The cheaper ones don't have to be in bad condition at all. I saw several otherwise immaculate cars at low prices that just needed your classic 'Alfa Romeo' work needing doing on it (eg. cambelt / variator, bushes, selector plate etc) but the cost of which had scared the owners who had been using franchised dealers. When I bought my 1.6TS Lusso last year, I must have seen about 8-10 cars in the metal (that's how picky I was) over a period of about 3-4 months (I'm patient), as well as countless ads, auctions and telephone conversations with private sellers and dealers. If a seller told me over the telephone that the car didn't have a FASH, I'd politely thank him and move on.
I met a seller with a superb example of a 60,000 mile 2.0TS for £3,750, private sale, owner from new, leather, FAFSH etc where the seller had been brought to tears by dealer costs of fixing classic Alfa faults which would have been relatively simple to remedy through an indie. The 'final straw' had been him spending £350 on discs/pads which had resulted in the VDC error light constantly coming on as a result. The best deals were to be had from respectable private sellers rather than sellers.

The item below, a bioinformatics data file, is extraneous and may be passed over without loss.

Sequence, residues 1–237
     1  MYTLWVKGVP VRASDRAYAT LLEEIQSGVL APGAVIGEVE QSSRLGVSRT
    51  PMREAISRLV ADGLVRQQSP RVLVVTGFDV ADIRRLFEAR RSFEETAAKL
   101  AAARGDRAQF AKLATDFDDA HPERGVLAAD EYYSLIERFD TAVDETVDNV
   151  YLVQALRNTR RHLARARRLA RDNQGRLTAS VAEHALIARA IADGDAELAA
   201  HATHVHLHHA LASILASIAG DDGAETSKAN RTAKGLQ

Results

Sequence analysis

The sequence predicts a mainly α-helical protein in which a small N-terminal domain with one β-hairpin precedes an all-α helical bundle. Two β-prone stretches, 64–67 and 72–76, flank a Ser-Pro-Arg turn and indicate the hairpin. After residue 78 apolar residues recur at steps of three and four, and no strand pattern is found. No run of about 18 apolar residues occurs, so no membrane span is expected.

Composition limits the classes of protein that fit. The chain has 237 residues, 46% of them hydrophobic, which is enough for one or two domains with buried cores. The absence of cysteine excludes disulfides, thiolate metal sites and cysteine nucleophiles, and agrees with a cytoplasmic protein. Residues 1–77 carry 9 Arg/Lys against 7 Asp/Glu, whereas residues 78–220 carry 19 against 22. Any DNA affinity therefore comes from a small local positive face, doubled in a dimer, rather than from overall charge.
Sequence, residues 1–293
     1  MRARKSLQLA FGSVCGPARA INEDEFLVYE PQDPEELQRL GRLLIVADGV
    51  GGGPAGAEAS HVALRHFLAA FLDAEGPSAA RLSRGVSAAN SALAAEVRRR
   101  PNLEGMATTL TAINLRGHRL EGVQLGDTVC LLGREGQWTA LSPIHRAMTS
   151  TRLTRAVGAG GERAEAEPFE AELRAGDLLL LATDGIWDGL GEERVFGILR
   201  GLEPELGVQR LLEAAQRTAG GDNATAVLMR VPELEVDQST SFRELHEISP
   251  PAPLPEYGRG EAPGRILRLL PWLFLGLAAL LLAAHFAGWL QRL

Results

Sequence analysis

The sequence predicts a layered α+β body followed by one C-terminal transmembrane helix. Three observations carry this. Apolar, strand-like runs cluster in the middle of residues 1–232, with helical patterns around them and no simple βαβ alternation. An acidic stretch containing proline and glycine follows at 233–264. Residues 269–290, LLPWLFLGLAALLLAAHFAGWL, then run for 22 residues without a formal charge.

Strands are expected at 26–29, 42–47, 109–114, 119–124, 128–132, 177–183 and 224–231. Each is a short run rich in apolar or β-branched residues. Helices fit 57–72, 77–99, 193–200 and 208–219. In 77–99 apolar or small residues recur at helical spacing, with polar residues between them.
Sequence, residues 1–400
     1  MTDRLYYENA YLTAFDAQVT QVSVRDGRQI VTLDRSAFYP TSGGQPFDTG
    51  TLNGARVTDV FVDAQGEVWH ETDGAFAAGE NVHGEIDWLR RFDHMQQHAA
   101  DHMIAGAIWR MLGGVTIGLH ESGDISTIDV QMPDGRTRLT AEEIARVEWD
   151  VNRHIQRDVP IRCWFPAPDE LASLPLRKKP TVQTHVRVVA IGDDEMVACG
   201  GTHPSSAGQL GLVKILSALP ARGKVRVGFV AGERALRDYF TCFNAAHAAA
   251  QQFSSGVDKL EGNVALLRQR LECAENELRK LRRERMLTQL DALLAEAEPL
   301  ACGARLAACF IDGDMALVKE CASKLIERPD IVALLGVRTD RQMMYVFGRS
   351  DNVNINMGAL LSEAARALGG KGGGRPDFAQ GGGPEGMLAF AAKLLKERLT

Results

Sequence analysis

Some of the funniest encounters were with people who had overpriced their cars or dealers who insisted they weren't prepared to drop by the price but then dropped it by £1,000 a month later when there were no takers.
There were several independent dealers like the ones you've linked to that didn't understand Alfas, that refused to believe anything about 36k cambelt changes, that cambelt/variator services would cost more than £150 and that a set of spark plugs should cost £90. According to them wishbones, bushes, balljoints, cambelts etc wouldn't need replacing until 100,000 miles.
The cars you've linked to show the 'windscreen prices'. Those dealers won't actually sell those cars for those prices. £4,500 for a 60k 1.6 2001 Turismo? They put a windscreen price on the car way above what its worth, and then if no one bites, they reduce it by £500 two weeks later, then by another £500 and so on because they bought those cars for about £3,000 through auction or trade in. Car dealers aren't generally mugs but there are several small dealers where the penny had to eventually drop in relation to their windscreen price, particularly when they are no takers or potential buyers are coming up to them asking for £500 or 1,000 off. And no dealer will want to be hanging onto a car that's taking up forecourt space that isn't selling. One of the dealers that I visited but didn't buy from eventually admitted that he had overpaid and had to sell at the break even price just to clear the car.
At the end of the day, all the original poster has to do is advertise his car for £4,500 and see if anyone buys it. If they don't bite at that price, how about you offer to pay for his advert in Autotrader for the next month?